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Wilhelm PETERSON-BERGER (1867 – 1942)
The Complete Piano Music - Volume 2: Six Piano Tunes (1897): When the rowan blooms – Gångtrall – In the western mountains – Fiddler – Chorus mysticus – Nachspiel; Invention à 2 voci (1897); Gliding skies (1897); The star-boys (1897); Norrland rhapsody (1900); Four Dance Poems (1900): To the foredancers – Summer dreams – Morning breeze – Serenade; Last Summer (1903): The mountain – The lake – The moor – A squirrel and a stock dove – The spruce forest – The mountain stream.
Olof Höjer (piano)
Recorded at the Svaneholm Castle, Skåne, Sweden, March 2001.
Instrument: Hornung & Möller, Copenhagen 1903 – 1904.


Not long ago I reviewed Volume 3 in this series with Peterson-Berger’s piano music and there I also gave some background information about P-B, as he is commonly known in Scandinavia. Now I have moved backwards to Volume 2, covering the period 1897 – 1903, which are regarded as his best years. Most of his large-scale works, the symphonies, operas and the violin concerto, appeared later and P-B himself regarded them as his most important creations. However to the general public his middle-period songs and piano compositions are the best of him. The first two collections of his ever-popular Frösöblomster are also roughly from this period. If you know them or if you are familiar with, say, Grieg’s Lyric Pieces, you have an idea of what to expect from this disc. Even if P-B can be uneven he is very often on a par with Grieg. There is a Nordic tone in both composers’ work and it is not always easy to decide who is who in a blindfold test.

The Six Piano Tunes are varied in character, from the hearty Gångtrall (the title meaning a song that you sing, without words, while walking) via the bare, barren landscape of The western mountains and the calm of the Chorus mysticus which is a piano transcription of P-B’s choral song Hvile i skoven (Resting in the forest). The choral original is one of his finest compositions in that oeuvre and on the whole his choral writing is well worth exploring. There is, for example, a very fine collection of songs for mixed choir on Bluebell ABCD 030 with The Mikaeli Chamber Choir. Nachspiel is virtuosic and is played almost nonchalantly, in a positive sense, by Olof Höjer. This piece should win listeners with a taste for "light classics".

Gliding skies is one of the finest compositions on this disc, impressionistically inward. The star-boys needs, I suppose, an explanation to non-Scandinavians. These boys are part of the Lucia-tradition, celebrated on December 13. Then "The queen of Light", Santa Lucia, originally a Sicilian saint who emigrated to Sweden in the Middle Ages, comes with candles in her hair, followed by her maids, all dressed in white. Often they are followed by so-called star-boys, also in white, carrying stars on long sticks and wearing high cone-shaped hats. They also sometimes appear on their own, as in this composition, where we first hear them approach in a procession (there is a march-like theme). Then they stop and sing, we hear a chorale, and so they leave again. This exotic tradition is depicted by P-B in this little piece which could be regarded as programme music. On a much bigger scale is the Norrland rhapsody, where Liszt’s Hungarian rhapsodies might be the model, even if P-B loathed Liszt’s technical wizardry. It is built on several known and lesser-known folksongs and ends very calmly.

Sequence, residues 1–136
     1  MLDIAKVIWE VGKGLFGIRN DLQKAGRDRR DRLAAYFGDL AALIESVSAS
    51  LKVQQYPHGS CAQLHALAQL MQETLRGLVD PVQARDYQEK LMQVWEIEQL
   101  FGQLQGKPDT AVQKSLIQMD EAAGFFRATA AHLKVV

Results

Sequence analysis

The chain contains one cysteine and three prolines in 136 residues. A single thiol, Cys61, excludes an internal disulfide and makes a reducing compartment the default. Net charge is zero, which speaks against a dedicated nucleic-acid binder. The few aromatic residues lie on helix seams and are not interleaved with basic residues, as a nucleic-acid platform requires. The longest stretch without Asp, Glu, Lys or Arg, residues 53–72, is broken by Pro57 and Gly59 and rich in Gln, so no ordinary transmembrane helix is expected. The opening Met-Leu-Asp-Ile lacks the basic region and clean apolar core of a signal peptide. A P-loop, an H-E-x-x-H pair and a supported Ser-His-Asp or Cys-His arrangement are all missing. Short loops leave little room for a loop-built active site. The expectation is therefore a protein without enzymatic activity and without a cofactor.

The Four Dance Poems are all waltzes and the last of them, Serenade, is very Chopinesque and could hold a place in any collection of piano favourites.

Last Summer is a sequence of loosely connected pictures of nature, especially the open landscape of northern Sweden, where P-B was born and where he eventually returned and settled. The suite ends with the rousing Mountain stream.

Olof Höjer, as always, presents well calculated readings. He knows this music better than most and inflects it so naturally; to the manner born. You never get the feeling that he gets in the way of the music; he lets the music speak for itself.

When it comes to comparisons there is very little indeed. The legendary Stig Ribbing (he was born in 1904 and lived until very recently) was a life-long champion of P-B’s music. He recorded the first set of Frösöblomster on two 78s (Musica SK 19850/51) and then again in the 50s for HMV on two EPs (I still have one of them somewhere), and finally in the early 70s three LPs, again Frösöblomster, complete this time, plus a lot more. On volume 3, which I own, well worn by now, he plays several of the Six Piano Tunes and, apart from the more congested sound, there is little to choose between him and Höjer; they are both masters. But I have to say that Ribbing’s Mountain stream murmurs more intensely, more mountainously than Höjer’s brook, searching its way through the flatter landscape of southern Sweden.

It should also be mentioned that this disc was recorded in the 16th century castle Svaneholm on a Danish-built instrument, more or less contemporary with the music. It has a suitably warm tone. As usual Olof Höjer has written his own booklet text, and as usual he gives much useful background information.

Of Nordic piano composers from days gone by, no one, except Grieg, is more worthy of being played in the rest of the world than Wilhelm Peterson-Berger. This disc is as good a starting point as any. It has given me a lot of pleasure and I recommend it whole-heartedly to anyone wishing to broaden his/her pianistic horizon.

Göran Forsling

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